who she is, too.
For special effects, direct address works. Most of the time, stay away.
The third act#section7
Many of today’s web narratives are impoverished:
Everyone sees this to be unsatisfying. It is. Most people think the
fault lies in commercialism. That’s a mistake. The same unsatisfying
story is told by countless personal sites as well:
Whether we’re explaining a product or an idea or a political cause,
the point is not merely that we’re bestowing a gift on our audience.
No story worth telling, no relationship worth cultivating, is that
This is the problem of the third act – the act that begins, in David
Mamet’s memorable shorthand, “But there was something they had
forgotten.” The web isn’t a great medium for impulse sales; its
strength lies in depth, in continued exchange, in building
relationships that are deep and strong. The web’s strength is the
The story of a product doesn’t end with the sale; the sale is merely
the beginning of the big story. Take Mary, who has just purchased new
software; now she needs to install it, learn to use it, and create
new things with it. Often, she’ll need to learn new ways of thinking
about her work; new tools often create new opportunities. Problems
will arise – they always do. Some are dull – mere fulfillment or
basic tech support:
We don’t need to tell these stories in much detail. Others, though,
are more interesting:
We began with a problem – a conflict. We addressed it by taking
action. But that’s not the end of the story: there is always
something we have forgotten. Deep sites explore these ramifying
conflicts, issues that arise from adopting new products or learning
new ideas. Narrative builds community through a sense of shared
experience, and builds coherence by connecting the experience of a
product or an idea with its purchase. This depth, in turn, retains
our customers and reinforces our adherents; it turns readers into
partners, and partners into fans.
Plots are everywhere#section8
Scott McCloud’s brilliant Understanding Comics teaches us a lesson that transcends the
realm of comics: if we see two things next to each other, we
draw a connection from one to the other. Our minds construct a
sequence, a connection, a relationship. Even if the relationship is
obscure, we’ll eventually find it (or make one up). In space, we call
this collage. In time, it’s montage. We see things next to each other
and we imagine a sequence. We see a sequence, and we imagine a story,
a cause and its effect.
Juxtaposition in much web design today is poorly controlled. For
example, what story does this familiar navigation bar tell us?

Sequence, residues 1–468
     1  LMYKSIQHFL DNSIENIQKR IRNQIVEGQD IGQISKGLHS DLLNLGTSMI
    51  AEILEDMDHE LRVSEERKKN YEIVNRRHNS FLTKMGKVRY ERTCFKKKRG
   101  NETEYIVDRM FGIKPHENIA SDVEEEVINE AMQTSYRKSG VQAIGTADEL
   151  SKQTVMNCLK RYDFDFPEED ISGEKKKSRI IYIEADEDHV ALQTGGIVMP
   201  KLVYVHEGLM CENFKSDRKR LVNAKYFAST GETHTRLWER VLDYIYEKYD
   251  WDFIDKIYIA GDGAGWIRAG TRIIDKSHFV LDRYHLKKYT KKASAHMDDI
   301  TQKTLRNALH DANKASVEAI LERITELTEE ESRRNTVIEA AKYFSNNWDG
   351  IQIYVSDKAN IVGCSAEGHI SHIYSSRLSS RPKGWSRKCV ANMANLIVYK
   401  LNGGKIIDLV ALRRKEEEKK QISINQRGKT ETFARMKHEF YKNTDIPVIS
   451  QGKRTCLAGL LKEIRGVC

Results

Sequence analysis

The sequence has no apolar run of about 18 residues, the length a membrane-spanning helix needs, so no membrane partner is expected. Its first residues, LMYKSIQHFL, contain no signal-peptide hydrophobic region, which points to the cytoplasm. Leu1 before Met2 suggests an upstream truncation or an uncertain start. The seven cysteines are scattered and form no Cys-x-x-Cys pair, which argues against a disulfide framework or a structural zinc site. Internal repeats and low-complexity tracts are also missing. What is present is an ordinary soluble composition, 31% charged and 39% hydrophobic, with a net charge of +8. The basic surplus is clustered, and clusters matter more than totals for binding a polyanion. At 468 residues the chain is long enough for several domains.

In this story, we learn about the product. We try it, and we like it.
We buy it. Then, after we’ve bought it, we need support. And then,
at the very end, we have a way to contact the company. The natural
inference, alas, is that SUPPORT follows PURCHASE because something
has gone terribly wrong, and CONTACT is our last hope of getting
satisfaction after SUPPORT has failed. (SUPPORT must have failed, not
only because SUPPORT is the kind of schlemiel who always fails, but
also because it fits the plot: if support succeeded, who would we
need to CONTACT?)
More and more websites assemble content modules to order. Servers
observe the time, the date, and perhaps the user’s cookie, and add
elements to the page like Lego blocks. This creates a sensitive
graphic design problem, since each block is logically
independent but will inevitably appear right next to
another, unrelated block.
Newspaper and magazine layouts have long
wrestled with this problem. Judicious use of rules and whitespace can
help. Staggered layouts and irregular grids help avoid unfortunate
juxtapositions. Distinct type faces (and, even better, distinct
leading – now practical with prudent use of stylesheets) helps to
break up the page as well.
We can’t eliminate the problem, because we have too much to say to
the reader, and we need to say it here and now if we’re to have
any hope of capturing the reader’s attention. Until we reduce the
unpredictable page-loading delay to conform to Akscyn’s 1/4-second
Law, the problem (like all interesting graphic design problems) is
intractable. Finding good solutions and interesting new ways to pull
pages together without muddling the meaning will remain a core design
We’ll face the challenge. We’ll find solutions. And, inevitably,
there will be one thing we’ll have forgotten – and that one
forgotten thing will open the way to the third act, and beyond the
third act to endless new web stories.